Friday, September 3, 1999 Published at 20:18 GMT 21:18 UK
Business: The Company File
Banks shop for life companies
The Legal &General/Natwest talks are the tip of the iceberg
UK banks are poised to go on a shopping spree for life assurance companies.
The aim for banks is to become all-round providers of financial services, analysts say, and news that NatWest wants to buy Legal & General is just the tip of the iceberg.
The logic for banks is clear: buying an insurance company gives them a foothold in a growing market that they have thus far failed to succeed in on their own.
The long-term savings market is seen as the fastest growing area of financial services.
Competition in long -term savings has become more intense since the government announced plans for a new low-cost pension, the stakeholder pension.To offset this potential loss, insurance companies and banks are banding together to achieve economies of scale.
Borne out of a need to cater for an aging population, the stakeholder pension aims to encourage people to provide for themselves by offering cheaper pensions.
Some analysts estimate that the margin of 5% - 6% on pensions that banks and insurers currently enjoy will fall to 1%. Low interest rates are also deterring customers from putting money in high-street deposit accounts.
"What a lot of people are doing is shifting savings into products offered by life companies. A lot of banks have tried to compete in this area and have not been very successful," one analyst said.
The NatWest/Legal & General deal should generate new revenue for both of them as Legal & General products are pushed through the NatWest customer base.
The acquisition also rehabilitates NatWest in the eyes of the city, following the investment bank losses which led to the sale of NatWest Markets more than two years ago.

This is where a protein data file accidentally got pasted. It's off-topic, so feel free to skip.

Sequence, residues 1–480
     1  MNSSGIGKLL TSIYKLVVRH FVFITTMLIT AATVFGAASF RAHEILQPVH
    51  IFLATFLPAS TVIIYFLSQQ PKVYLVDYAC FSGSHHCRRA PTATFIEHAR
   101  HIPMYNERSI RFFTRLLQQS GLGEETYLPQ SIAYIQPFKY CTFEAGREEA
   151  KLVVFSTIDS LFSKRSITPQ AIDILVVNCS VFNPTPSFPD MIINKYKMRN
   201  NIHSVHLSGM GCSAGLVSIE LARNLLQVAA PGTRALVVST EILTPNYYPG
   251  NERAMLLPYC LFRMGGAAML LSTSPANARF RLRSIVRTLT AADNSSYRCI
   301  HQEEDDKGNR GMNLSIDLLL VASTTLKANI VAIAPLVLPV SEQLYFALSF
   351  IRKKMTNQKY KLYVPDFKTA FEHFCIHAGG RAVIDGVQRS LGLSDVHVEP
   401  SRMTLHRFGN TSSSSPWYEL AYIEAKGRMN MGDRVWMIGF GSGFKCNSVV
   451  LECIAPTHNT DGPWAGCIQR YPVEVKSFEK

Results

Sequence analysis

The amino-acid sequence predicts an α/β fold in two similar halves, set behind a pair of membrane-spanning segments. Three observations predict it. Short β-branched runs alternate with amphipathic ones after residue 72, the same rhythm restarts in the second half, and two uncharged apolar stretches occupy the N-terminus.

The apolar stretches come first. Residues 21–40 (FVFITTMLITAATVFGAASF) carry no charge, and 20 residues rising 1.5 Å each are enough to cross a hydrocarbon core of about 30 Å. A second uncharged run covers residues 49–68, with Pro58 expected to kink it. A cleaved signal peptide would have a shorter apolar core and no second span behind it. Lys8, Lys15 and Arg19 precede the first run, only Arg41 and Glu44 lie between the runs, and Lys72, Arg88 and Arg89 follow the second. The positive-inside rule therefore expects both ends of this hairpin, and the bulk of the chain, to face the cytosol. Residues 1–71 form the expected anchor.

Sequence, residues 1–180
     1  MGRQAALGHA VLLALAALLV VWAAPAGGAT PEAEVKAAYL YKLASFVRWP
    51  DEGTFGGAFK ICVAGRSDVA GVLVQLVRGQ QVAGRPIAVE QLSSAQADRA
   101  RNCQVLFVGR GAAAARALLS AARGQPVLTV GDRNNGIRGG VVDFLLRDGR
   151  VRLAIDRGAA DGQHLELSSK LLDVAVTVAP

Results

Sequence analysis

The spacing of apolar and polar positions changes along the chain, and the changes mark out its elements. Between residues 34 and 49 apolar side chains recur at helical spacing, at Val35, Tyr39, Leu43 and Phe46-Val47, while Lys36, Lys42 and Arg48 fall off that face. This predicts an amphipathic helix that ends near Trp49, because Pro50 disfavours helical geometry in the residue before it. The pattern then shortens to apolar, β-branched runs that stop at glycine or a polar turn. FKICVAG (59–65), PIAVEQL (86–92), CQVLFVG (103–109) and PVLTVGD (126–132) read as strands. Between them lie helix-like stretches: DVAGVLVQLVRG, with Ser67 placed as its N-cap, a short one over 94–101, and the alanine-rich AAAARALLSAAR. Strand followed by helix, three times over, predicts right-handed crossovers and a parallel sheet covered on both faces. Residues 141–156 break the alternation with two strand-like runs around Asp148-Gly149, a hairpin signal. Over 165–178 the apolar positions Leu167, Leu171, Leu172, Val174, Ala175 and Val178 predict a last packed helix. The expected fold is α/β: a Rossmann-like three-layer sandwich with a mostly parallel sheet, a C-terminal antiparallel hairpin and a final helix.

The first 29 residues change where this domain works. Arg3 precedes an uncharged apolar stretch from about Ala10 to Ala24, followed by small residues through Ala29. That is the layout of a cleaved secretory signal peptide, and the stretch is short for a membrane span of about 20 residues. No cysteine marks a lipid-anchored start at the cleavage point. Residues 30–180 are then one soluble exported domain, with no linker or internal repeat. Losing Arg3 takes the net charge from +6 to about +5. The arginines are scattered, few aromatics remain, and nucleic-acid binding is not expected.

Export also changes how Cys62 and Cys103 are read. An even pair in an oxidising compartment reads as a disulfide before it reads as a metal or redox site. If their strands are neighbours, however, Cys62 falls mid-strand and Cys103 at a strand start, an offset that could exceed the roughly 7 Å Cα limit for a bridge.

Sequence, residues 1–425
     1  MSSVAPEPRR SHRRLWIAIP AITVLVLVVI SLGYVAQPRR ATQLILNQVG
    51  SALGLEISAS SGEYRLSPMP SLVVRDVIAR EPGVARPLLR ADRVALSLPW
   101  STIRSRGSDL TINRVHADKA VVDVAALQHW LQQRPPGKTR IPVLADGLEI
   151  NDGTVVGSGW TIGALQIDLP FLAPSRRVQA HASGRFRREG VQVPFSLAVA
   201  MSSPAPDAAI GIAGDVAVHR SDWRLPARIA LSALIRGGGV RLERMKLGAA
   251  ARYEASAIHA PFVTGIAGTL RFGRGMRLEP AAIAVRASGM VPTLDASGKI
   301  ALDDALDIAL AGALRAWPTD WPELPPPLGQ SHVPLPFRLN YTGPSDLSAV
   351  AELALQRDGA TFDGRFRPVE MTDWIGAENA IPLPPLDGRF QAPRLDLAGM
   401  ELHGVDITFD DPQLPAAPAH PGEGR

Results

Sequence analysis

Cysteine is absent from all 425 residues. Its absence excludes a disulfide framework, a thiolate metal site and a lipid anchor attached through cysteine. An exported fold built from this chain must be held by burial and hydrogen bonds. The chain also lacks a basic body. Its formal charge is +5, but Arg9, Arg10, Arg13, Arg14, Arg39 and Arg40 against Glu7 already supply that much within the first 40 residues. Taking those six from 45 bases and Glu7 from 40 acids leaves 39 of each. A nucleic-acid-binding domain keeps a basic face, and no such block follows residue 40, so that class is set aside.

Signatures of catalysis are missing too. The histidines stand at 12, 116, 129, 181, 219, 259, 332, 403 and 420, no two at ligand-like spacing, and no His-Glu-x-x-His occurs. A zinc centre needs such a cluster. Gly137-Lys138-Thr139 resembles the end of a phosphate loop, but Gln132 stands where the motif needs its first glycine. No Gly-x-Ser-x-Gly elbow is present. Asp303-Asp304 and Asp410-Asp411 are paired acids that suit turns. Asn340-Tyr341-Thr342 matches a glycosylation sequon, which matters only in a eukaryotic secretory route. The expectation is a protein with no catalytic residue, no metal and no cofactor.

First off the block
As trade closed Friday, Barclays and Halifax were both tipped as potential buyers of Norwich Union and Prudential Corp.
Halifax, although it bought mutual insurer Clerical Medical in 1996, is still seen lacking critical mass in the life and pensions industry.
The UK market, where private pension provision is more advanced than elsewhere in Europe, is attractive to European insurers as well. France's AXA and Germany's Allianz are both eyeing the market.
One fear is that industry consolidation could lead to job cuts, but as one analyst pointed out, these mergers are about revenue generation, not cost savings.
"You have got banks lifting insurance companies, the two sectors neatly dovetail," he added.
A giant rip off?
News of the merger follows a report by the Consumers Association which slammed banks for ripping off their customers.
The report said banks offered poor value products that leave their customer out of pocket. If banks have more products on sale, will this not make matters worse?
"In the studies we have done, customers often fare very badly when they buy all their products from one institution," a spokesman for Which said. "It will create a situation where customers will be tempted to buy everything from savings plans through to pensions from one organisation."
With over 30,000 financial products currently on the market on the UK, it is easy to see how consumers could be overwhelmed and prefer to buy everything from one source, he added.
Adrian Graves from the National Association of Bank Customers said the move creates a justification to slow down and reverse closure of high street branches.
"Pensions are very much the type of product customers prefer to discuss face to face," he said.
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